Turn in your Bibles to Luke chapter or you can look on your bulletin there; you can find it there as well. We’re in the third part of our series, “Scandalous Grace: Jesus’ Meals with Sinners,” and we’re here where Jesus encounters a sinful woman. F. W. Boreham, he was a 19th century pastor and writer, he once wrote that “life is largely a matter of luggage.” He recounts how a toddler, from the earliest days of them walking, has an insatiable desire to carry things, to load themselves up or to pull things behind them. He goes on to relate that to man’s experience of being burdened under the weight of some load. It’s an experience that is common to every man. The woman in our passage tonight is feeling the weight of her baggage, the burden of past failures and disappointments. Maybe you can relate to her – a besetting sin, a scar from the past, maybe regret or a disappointment about the way life has gone up to this point. What we find in Luke chapter 7 is that with Jesus there is forgiveness and that forgiveness should stir us up in love to Jesus and should lead us out in peace. Let’s pray and then we’ll read our passage.
Our Father, we thank You for bringing us to this time in Your Word. We ask that You would open our hearts and our ears and our minds to hear Your Word, to apply it to our lives, to stir up our love, to stir up our praise and our prayers to You and that we would glorify You in all that we do. We pray these things in Jesus’ name, amen.
Luke 7 verse 36. We’ll read to the end of the chapter:
“One of the Pharisees asked him to eat with him, and he went into the Pharisee’s house and took his place at the table. And behold, a woman of the city, who was a sinner, when she learned that he was reclining at table in the Pharisee’s house, brought an alabaster flask of ointment, and standing behind him at his feet, weeping, she began to wet his feet with her tears and wiped them with the hair of her head and kissed his feet and anointed them with the ointment. Now when the Pharisee who had invited him saw this, he said to himself, ‘If this man were a prophet, he would have known who and what sort of woman this was who is touching him, for she is a sinner.’ And Jesus answering said to him, ‘Simon, I have something to say to you.’ And he answered, ‘Say it, Teacher.’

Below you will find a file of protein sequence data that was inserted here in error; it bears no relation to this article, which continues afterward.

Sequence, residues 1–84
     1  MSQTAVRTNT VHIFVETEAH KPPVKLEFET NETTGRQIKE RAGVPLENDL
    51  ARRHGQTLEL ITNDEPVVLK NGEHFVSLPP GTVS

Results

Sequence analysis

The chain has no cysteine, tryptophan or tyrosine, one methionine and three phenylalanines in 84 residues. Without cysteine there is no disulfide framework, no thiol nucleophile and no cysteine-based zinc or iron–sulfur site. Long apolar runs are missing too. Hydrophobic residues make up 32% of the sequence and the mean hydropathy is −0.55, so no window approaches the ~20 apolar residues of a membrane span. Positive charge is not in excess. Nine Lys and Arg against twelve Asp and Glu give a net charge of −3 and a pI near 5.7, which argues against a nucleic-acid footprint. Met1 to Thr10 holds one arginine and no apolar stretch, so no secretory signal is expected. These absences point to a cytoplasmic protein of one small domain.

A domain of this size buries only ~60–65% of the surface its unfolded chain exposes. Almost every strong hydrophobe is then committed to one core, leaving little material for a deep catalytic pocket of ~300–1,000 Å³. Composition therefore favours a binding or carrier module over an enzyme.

‘A certain moneylender had two debtors. One owed five hundred denarii, and the other fifty. When they could not pay, he cancelled the debt of both. Now which of them will love him more?’ Simon answered, ‘The one, I suppose, for whom he cancelled the larger debt.’ And he said to him, ‘You have judged rightly.’ Then turning toward the woman he said to Simon, ‘Do you see this woman? I entered your house; you gave me no water for my feet, but she has wet my feet with her tears and wiped them with her hair. You gave me no kiss, but from the time I came in she has not ceased to kiss my feet. You did not anoint my head with oil, but she has anointed my feet with ointment. Therefore I tell you, her sins, which are many, are forgiven – for she loved much. But he who is forgiven little, loves little.’ And he said to her, ‘Your sins are forgiven.’ Then those who were at table with him began to say among themselves, ‘Who is this, who even forgives sins?’ And he said to the woman, ‘Your faith has saved you; go in peace.’”
The Word of God.
I. Jesus Forgives Much
The first thing I want us to see in these verses is that Jesus forgives much. There are three main characters in this passage. You have Jesus, Simon the Pharisee, and then there’s this woman from the city. Perhaps the most obvious component from the story is that this woman is a sinner. She has sinned much. We see it three times in this passage. We’re told that she is a sinner. If you look in verse 37 Luke tells us that she was a sinner and then in verse 39, Simon, thinking to himself, says that she was a sinner. And then Jesus Himself in verse 47 acknowledges that her sins are many. It’s quite obvious that this woman was a sinner. We don’t really know anything else about her. We don’t know her name, we don’t have recorded here anything that she said in this encounter, we don’t really know what it is that she has done to gain her such notoriety as an obvious sinner. It’s been thought that she was a prostitute, although commentators go back and forth and are not quite sure about that theory. But whatever it was, her past lifestyle and experiences had left her burdened, deeply weighed down by the guilt of her sin. She was battered and broken, obviously helpless and needy, in need of mercy and of grace.